J.P. Morgan Chase & Co. announced Thursday that it will recoup as much as $654 million of losses on trades with Enron Corp. after settling with insurers who backed the transactions.
J.P. Morgan had sued 11 insurers that refused to pay $1.1 billion of surety bonds that backed energy trades the bank made with Enron, which filed for bankruptcy protection last year.
J.P. Morgan's earnings will be cut by $260 million in the fourth quarter because of the settlement, Chief Executive William Harrison said.
"Up until this, it looked like things weren't going J.P. Morgan's way," said James McGlynn, who helps manage $5.7 billion at Summit Investment Partners, including J.P. Morgan shares. "Anything over 50% probably way exceeded people's expectations."
The bank, which still faces Enron shareholder lawsuits, will set aside $600 million for other legal matters. The settlement and reserve will cut fourth-quarter earnings per share by about 43 cents, causing the bank to lose money in the quarter, Chief Financial Officer Dina Dublon said.
J.P. Morgan sought the money after the insurers claimed that they were tricked into backing loans between J.P. Morgan and Enron that were disguised as commodity trades with Mahonia Ltd., a bank-sponsored offshore entity.
The case, which has been on trial for a month, was to go to the jury Thursday.
J.P. Morgan attorney John Callagy argued before the jury that the insurers knew that Mahonia, based in the Channel Islands, was a special-purpose vehicle that helped Enron raise money.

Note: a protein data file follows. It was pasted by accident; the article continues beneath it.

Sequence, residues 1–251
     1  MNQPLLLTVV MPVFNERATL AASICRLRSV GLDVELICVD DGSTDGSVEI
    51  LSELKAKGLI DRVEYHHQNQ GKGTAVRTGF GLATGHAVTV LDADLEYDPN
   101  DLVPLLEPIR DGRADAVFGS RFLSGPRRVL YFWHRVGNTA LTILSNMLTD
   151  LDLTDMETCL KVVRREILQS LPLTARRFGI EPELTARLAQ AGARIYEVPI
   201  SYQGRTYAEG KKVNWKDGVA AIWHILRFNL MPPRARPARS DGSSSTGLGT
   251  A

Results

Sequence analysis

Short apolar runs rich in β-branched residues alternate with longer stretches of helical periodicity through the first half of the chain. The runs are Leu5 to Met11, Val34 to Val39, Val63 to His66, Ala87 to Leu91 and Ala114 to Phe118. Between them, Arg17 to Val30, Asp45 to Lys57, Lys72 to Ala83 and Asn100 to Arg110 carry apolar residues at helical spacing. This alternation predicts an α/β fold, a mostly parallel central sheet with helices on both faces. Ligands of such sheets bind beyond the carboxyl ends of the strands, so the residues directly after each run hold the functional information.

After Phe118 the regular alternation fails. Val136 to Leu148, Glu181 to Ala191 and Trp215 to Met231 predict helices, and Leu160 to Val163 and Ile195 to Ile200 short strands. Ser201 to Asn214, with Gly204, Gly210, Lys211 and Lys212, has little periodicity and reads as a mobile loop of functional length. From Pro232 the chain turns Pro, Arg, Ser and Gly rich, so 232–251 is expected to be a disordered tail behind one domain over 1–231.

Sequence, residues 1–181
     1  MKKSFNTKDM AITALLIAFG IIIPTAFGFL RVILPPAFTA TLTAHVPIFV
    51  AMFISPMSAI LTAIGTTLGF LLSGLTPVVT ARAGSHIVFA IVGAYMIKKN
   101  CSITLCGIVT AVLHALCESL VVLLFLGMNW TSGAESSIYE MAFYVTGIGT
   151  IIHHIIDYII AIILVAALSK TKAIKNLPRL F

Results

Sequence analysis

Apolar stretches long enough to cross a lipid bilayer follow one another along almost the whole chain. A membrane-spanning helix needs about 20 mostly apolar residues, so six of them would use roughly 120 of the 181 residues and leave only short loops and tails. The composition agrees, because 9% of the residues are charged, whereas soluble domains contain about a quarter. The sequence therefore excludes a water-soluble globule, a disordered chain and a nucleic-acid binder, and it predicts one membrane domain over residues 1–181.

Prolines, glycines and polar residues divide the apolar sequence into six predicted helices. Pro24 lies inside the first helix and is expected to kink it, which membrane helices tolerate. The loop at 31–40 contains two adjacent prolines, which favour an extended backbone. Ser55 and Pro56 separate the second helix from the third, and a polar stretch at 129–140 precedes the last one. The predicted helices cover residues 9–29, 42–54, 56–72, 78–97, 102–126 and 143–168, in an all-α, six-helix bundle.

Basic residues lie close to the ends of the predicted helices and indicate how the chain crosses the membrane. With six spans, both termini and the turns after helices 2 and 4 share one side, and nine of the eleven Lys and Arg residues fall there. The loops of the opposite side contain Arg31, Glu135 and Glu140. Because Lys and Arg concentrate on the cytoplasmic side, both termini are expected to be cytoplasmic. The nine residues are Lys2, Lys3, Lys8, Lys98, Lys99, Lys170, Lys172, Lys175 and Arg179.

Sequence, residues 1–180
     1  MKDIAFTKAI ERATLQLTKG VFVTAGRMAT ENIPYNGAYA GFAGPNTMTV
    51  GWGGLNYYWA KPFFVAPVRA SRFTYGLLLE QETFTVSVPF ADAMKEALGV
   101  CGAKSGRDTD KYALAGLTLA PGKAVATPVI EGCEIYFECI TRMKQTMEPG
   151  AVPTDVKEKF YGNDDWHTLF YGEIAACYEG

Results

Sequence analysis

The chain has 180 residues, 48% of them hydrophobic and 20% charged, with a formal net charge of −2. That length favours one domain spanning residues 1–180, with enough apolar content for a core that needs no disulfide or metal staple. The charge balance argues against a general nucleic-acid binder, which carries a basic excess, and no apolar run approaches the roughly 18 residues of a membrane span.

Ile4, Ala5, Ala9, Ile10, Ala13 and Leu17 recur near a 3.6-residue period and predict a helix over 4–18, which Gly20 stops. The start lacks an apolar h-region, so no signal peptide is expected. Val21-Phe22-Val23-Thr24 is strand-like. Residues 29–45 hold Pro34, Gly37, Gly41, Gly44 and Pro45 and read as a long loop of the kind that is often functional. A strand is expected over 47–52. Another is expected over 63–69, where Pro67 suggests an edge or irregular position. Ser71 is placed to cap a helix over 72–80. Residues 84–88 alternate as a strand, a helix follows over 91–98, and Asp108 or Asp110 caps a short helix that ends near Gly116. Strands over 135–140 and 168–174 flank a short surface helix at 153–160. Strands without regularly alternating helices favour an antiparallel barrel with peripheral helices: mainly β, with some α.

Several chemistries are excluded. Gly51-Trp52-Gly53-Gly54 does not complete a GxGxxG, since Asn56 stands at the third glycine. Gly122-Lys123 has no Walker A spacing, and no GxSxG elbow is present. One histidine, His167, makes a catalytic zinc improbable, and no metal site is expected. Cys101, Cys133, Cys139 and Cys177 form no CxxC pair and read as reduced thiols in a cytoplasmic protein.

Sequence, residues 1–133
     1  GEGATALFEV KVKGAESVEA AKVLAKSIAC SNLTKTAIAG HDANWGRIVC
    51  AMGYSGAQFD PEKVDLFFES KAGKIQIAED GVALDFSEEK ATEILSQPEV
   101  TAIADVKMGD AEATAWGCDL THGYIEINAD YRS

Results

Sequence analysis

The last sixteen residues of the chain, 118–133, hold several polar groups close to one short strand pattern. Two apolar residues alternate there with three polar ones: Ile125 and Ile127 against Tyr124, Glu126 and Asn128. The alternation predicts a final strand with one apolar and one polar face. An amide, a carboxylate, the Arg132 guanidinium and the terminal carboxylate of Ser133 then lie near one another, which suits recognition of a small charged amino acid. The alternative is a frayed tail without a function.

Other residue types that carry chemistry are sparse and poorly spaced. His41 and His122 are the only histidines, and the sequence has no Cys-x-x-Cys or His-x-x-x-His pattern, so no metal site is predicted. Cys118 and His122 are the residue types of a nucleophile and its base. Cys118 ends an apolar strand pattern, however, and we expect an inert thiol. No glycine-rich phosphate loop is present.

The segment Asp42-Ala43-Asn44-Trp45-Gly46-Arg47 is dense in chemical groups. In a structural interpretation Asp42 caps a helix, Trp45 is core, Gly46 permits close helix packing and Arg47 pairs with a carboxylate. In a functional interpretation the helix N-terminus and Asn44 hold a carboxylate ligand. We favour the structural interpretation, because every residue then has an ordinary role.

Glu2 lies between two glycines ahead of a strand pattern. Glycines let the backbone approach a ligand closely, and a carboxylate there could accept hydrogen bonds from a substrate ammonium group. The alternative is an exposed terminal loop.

Alan Levine, the lawyer for insurers Travelers Property Casualty Corp. and St. Paul Cos., said the bank failed to disclose crucial elements of transactions in which the bank forwarded money to Mahonia for future delivery of commodities.
J.P. Morgan is still being investigated by the Securities and Exchange Commission, the Federal Reserve, Congress and other regulators for its role in the failures of Enron and WorldCom Inc.
A Senate report released Thursday said J.P. Morgan, along with Citigroup Inc. and Merrill Lynch & Co., helped Enron mislead investors and subvert accounting rules. The banks aided the energy trader by structuring transactions that allowed Enron to hide debts, the report said.
The report, issued by the Senate Governmental Affairs Permanent Subcommittee on Investigations, also called on the SEC to issue a policy statement saying it would take enforcement action against any bank that offers deceptive financial products.
Under the settlement, CNA Financial Corp.'s Continental Casualty Co. and National Fire Insurance Co. of Hartford will pay $46.7 million, Allianz's Fireman's Fund $92.3 million, Safeco Corp. $33.2 million and Lumbermens Mutual Casualty Co. $93.7 million.
Travelers said it would pay $139 million after accounting for the sale of its bankruptcy claims. St. Paul's St. Paul Fire & Marine Insurance Co. will pay $70 million and Chubb Corp.'s Federal Insurance Co. settled for $95.8 million.
Hartford Financial Services Group will pay $21 million and Liberty Mutual Insurance Co. less than $12 million.
J.P. Morgan shares rose $1.44 to $25.44 in New York Stock Exchange trading.
Insurance company shares also rose. Travelers gained 35 cents to $15, Chubb climbed $1.72 to $53.92, and CNA Financial rose 90 cents to $26.50, all on the NYSE.